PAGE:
In 1990, in a basement archive in Prague, two American historians made a startling discovery: a Nazi roster from 1945 that no Western investigator had ever seen. The long-forgotten document, containing more than 700 names, helped unravel the details behind the most lethal killing operation in World War II.
In the tiny Polish village of Trawniki, Hitler’s SS set up a school for mass murder and then recruited a roving army of 5,000 men to help annihilate the Jewish population of occupied Poland. After the war, some of them vanished, making their way to the U.S. and blending into communities across America.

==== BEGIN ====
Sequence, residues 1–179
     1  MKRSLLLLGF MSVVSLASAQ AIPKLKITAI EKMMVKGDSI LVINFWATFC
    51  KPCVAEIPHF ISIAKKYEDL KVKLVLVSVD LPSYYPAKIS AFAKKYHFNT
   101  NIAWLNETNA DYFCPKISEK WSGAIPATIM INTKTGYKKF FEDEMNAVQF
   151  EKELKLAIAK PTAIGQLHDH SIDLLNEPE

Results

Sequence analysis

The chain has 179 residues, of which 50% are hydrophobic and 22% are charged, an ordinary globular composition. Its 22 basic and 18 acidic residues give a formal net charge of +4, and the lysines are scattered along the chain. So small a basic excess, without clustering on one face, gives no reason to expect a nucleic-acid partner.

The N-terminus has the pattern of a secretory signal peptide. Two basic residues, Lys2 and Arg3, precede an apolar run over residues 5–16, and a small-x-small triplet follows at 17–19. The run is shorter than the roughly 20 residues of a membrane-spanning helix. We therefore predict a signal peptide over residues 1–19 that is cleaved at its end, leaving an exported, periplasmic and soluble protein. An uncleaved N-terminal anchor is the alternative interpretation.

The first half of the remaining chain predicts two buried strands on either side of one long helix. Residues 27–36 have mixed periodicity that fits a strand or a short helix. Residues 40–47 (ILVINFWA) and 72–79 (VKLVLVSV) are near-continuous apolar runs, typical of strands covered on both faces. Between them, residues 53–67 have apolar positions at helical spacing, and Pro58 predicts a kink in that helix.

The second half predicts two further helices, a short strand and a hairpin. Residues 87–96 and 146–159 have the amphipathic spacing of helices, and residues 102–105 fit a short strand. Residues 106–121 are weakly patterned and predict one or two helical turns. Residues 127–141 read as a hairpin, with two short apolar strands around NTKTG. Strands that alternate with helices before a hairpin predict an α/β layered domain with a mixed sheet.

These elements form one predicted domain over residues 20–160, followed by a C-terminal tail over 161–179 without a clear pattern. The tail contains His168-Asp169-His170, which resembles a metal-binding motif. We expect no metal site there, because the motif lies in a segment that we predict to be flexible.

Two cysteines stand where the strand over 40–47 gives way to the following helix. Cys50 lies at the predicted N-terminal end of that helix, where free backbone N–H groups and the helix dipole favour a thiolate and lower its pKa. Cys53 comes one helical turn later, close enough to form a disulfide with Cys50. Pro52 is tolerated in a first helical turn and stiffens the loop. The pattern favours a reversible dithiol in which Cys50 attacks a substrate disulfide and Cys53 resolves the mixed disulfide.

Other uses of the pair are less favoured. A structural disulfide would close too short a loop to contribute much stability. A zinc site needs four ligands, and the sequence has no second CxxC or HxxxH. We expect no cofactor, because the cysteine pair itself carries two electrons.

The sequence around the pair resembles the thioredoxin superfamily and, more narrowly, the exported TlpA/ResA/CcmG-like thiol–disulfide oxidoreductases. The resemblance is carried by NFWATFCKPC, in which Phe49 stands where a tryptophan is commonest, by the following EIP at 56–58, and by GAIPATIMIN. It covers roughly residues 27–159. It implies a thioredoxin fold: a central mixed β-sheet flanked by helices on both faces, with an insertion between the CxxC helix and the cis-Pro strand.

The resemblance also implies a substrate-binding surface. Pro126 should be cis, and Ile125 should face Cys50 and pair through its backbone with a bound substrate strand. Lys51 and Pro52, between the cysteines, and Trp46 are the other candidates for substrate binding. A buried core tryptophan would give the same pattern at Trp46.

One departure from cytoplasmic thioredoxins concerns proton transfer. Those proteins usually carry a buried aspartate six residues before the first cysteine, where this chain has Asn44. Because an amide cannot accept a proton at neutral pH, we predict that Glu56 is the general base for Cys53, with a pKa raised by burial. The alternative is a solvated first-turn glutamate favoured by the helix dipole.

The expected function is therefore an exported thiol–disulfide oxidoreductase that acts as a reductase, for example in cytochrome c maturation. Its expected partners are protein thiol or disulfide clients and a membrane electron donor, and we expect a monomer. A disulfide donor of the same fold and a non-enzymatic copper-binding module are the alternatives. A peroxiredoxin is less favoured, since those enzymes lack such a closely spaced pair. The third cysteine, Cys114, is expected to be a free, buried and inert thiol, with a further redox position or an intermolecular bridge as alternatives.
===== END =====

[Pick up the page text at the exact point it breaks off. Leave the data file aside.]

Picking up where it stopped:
Drawing on her new book, Citizen 865: The Hunt for Hitler’s Hidden Soldiers in America, Debbie Cenziper undfolds the harrowing wartime journeys of two Jewish orphans from occupied Poland who outran the “Trawniki Men" and settled in the United States, only to learn that some of their one-time captors had as well.
She traces how a tenacious team of prosecutors and historians sought to hold them accountable for their crimes decades after the war's end, and battled to the present day to remove them from American soil.
Cenziper is a Pulitzer Prize-winning investigative reporter at the Washington Post. Copies of Citizen 865 (Hachette Books) are available for purchase and signing.